Phil And I Compare Our Favorite Parts Of The Article About His New Tour
“I like that they call you a relative unknown.”
“See, I like that they call me a sell-out.”
The Comments Section
I used to know this girl but, I never thought she was that funny so this doesn’t realy surprise me.
Phil Confiscates My Phone
He snatches it right out of my hands and throws it behind us. Fine. Fine. In the meantime, he wants to talk about how no one respects the business of these things. How no one understands that sometimes you have to work for a bad person in order to become a good person.
“Do you think me doing this makes me a good person?”
“You’re helping someone, no?” he says. Phil skips past the Billy Joel satellite station and lands on one for The Police. “Helping someone is always good.”
“I don’t know if it’s that simple,” I tell him.
“Sure it is,” he says, turning up the music.
“Didn’t people help the Nazis.”
“That’s a very inappropriate example,” he says. “Why are people your age obsessed with comparing everything to the Nazis?”
I Have Counted Eighteen Silos In The State Of Michigan
“Do you ever think about moving to one of those little towns and opening up a little store?” I ask Phil. “Like, selling antiques and dairy products?”
“Obviously not,” he says.
I Am Heckled By A Woman In Columbus, Ohio
The thing that is most striking about her is that I would bet ten dollars, no, fifty dollars that we’re the same age. I don’t why but I never associated heckling with young people before. That’s not me saying heckling is for old people, but my familiarity with the practice centers around an agitated person in the second half of their life looking for someone to scream at.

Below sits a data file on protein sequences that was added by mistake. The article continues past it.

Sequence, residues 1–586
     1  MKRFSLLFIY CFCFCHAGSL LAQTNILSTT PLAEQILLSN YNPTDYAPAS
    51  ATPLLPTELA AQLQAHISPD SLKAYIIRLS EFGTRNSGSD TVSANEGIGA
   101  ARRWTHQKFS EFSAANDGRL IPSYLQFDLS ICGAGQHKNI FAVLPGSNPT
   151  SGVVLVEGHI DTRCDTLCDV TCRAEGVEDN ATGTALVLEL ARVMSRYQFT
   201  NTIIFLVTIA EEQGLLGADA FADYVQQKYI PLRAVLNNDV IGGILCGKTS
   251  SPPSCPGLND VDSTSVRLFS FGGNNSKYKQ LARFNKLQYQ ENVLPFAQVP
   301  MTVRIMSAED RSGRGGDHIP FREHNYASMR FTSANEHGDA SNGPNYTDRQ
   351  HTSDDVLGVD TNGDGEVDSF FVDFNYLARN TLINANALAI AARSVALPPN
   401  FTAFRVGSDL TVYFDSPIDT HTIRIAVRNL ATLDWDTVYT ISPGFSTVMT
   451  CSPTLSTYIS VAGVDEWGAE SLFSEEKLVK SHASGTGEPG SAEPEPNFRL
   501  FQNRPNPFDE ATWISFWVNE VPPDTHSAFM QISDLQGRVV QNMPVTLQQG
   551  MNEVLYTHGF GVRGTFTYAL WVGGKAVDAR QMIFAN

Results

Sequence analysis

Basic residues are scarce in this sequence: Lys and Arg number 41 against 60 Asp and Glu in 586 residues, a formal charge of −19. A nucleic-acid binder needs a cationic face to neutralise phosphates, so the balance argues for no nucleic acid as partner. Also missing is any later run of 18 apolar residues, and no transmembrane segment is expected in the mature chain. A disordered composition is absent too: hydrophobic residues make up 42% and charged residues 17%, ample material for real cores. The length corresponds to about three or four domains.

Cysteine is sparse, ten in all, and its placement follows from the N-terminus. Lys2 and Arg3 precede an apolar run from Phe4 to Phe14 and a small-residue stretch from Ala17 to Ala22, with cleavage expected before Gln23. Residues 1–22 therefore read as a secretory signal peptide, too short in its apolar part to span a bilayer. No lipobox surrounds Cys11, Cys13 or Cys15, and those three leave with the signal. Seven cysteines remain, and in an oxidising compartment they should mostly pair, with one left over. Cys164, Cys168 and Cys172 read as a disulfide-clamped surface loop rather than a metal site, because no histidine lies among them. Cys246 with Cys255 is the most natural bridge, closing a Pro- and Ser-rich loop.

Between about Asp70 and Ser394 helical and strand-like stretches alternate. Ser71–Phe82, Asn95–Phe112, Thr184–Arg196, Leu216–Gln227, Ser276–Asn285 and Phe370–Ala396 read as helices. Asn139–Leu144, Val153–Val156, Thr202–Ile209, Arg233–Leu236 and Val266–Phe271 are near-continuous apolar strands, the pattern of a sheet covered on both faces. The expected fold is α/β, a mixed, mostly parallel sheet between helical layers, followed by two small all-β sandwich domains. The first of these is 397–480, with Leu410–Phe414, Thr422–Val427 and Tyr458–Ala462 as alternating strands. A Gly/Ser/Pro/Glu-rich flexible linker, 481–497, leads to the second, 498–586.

She’s wearing glasses. Her hair is pulled into a tight ponytail. In the middle of doing my breakup jokes, right at the top of my set, she says I deserve to be alone. That’s possible. Then she says I’m complicit. Then she calls me a bitch! A few people in her section of the audience applaud. “Why did you spend $25 to yell at me?” I ask.
It gets a laugh from another section of the audience.
“Just send me an email next time,” I tell her.
A bigger laugh. How awful it must be for her that I am good at my job.
Phil Is Heckled By The Same Woman In Columbus, Ohio
He seems a little taken aback by it. This idiot really thought he was back, huh. I guess I did too. Watching him flounder on stage is oddly thrilling, deeply gratifying.
He’s not even handling it at all. After about thirty seconds, he lets her go. He doesn’t take control of the situation. That’s why there’s a microphone––so the comic can be in control. But when she’s back in her seat, Phil says, “Are you done? Have you said your piece?”
Your piece. There’s something so finite about it, as if her yelling at him has an ending. Even when she sat down after giving me what-for, I could tell there was more bubbling beneath the surface. There’s so much to her. There’s so much more to me. Your piece.
I Check My Bank Account